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CINCH - Health Economics Research Center

Virtual Essen Health Economics Seminar

05.05.2020

On Monday, May 11 2020, 8:00 - 9:30, Johannes Kunz (Monash University) will present:

Predicting Fixed Effects: Assessing the Quality of Public Services: Does Hospital Competition Crowd-out the For-profit Quality Gap?

We examine variation in hospital quality across ownership, market concentration and membership of a hospital system. We use a measure of quality derived from the penalties imposed on hospitals under the flagship Hospital Readmission Reduction Program. We employ a novel estimation approach that extracts latent hospital quality from panel data on penalties and addresses the problem of non-penalized hospitals in short panels. Our quality measure correlates strongly across penalized conditions and with other non-incentivized quality metrics. We document a robust and sizable for-profit quality gap, which is largely crowded-out by competition between hospital chains, particularly for high-quality hospitals.

Room: Due to the current situation regarding the COVID-19 pandemic, the talk will be held in a virtual seminar room. Please note that the talk will be held in the morning due to the difference in time zones. For more information click here.


Virtual Essen Health Economics Seminar

28.04.2020

On Monday, May 4 2020, 16:00 - 17:30, Noemi Kreif (University of York) will present:

Who benefits from public health insurance in Indonesia? A machine learning approach to estimate treatment effect heterogeneity

Researchers evaluating the effects of health policies are often interested in identifying individuals who would benefit most from a particular programme. Such analyses could provide evidence on whether a programme worked for the intended recipients, and help design the eligibility criteria of future programmes. Traditional approaches such as subgroup analyses are constrained by only considering a few, pre-specified effect modifiers, and can also be prone to cherry-picking by ad-hoc selection of subgroups. Recently proposed causal inference approaches that incorporate machine learning (ML) have the potential to help explore treatment-effect heterogeneity in a flexible yet principled way. In this talk I illustrate such an approach, Causal Forests (Athey et al. 2019), in an evaluation of the effect of public health insurance on health care utilisation of Indonesian women. I highlight the opportunities presented by the approach to identify subgroups where the impacts of having health insurance differ, and to estimate so-called conditional average treatment effects at the level of the individual. I also discuss the challenges of using this approach alongside non-randomised study designs, typical when evaluating large scale health policies.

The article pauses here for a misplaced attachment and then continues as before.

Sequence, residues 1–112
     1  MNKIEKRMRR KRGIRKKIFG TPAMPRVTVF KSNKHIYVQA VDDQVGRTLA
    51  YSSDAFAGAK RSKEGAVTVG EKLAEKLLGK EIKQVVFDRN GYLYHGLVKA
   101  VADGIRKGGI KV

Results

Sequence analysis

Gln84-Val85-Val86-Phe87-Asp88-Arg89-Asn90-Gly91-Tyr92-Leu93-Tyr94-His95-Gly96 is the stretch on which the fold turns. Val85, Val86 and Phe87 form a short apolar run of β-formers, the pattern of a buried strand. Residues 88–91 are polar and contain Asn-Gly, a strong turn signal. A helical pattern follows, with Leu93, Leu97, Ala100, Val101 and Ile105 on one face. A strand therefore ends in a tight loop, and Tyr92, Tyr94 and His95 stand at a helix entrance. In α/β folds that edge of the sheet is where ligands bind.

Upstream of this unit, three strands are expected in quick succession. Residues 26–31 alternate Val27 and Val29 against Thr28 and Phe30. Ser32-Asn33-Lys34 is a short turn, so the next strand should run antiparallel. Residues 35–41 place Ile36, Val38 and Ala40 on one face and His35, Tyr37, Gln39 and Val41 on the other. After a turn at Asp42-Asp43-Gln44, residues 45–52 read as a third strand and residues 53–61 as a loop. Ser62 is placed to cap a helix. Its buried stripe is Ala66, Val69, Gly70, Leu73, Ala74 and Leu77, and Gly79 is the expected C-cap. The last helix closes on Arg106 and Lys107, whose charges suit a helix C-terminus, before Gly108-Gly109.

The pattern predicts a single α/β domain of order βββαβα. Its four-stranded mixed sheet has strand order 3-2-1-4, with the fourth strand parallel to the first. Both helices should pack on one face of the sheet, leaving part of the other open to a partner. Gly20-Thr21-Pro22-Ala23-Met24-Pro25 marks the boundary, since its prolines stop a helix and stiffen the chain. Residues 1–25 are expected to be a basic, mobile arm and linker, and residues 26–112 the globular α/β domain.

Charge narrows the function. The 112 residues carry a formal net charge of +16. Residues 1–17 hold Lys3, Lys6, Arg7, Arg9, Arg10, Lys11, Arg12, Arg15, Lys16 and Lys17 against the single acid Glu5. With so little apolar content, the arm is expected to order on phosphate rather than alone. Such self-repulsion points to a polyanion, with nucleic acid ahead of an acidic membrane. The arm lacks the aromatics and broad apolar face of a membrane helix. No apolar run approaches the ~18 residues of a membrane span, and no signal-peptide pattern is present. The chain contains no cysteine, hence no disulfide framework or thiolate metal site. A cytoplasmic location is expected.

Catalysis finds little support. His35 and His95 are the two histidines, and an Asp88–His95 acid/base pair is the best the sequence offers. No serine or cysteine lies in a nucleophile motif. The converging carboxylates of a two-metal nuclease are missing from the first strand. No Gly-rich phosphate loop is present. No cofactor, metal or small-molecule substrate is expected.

Room: Due to the current situation regarding the COVID-19 pandemic, the talk will be held in a virtual seminar room. For more information click here.


Virtual Essen Health Economics Seminar

21.04.2020

On Monday, April 27 2020, 16:00 - 17:30, Walter D'Lima (Old Dominion University) will present:

Opioid Crisis and Housing Market Effects

We present a novel view of housing market effects that relates the opioid crisis to house prices. With data on opioid prescriptions and analysis of repeat sales for Ohio, we find that house price changes around pharmacies are negatively associated with the quantities of opioids dispensed. The results are consistent across different measures of opioids by pharmacy location. In addition, we present a series of robustness checks to further identify the underlying channel. We show that the effect mitigates over distance and is most pronounced on properties near to opioid dispense locations. In addition, we show that the effect is more pronounced for areas that have a higher proportion of blue collar jobs that typically involve a greater propensity for opioid pain prescriptions. Overall, we link the opioid crisis and the rise in prescription opioids to housing markets.

Room: Due to the current situation regarding the COVID-19 pandemic, the talk will be held in a virtual seminar room. For more information click here.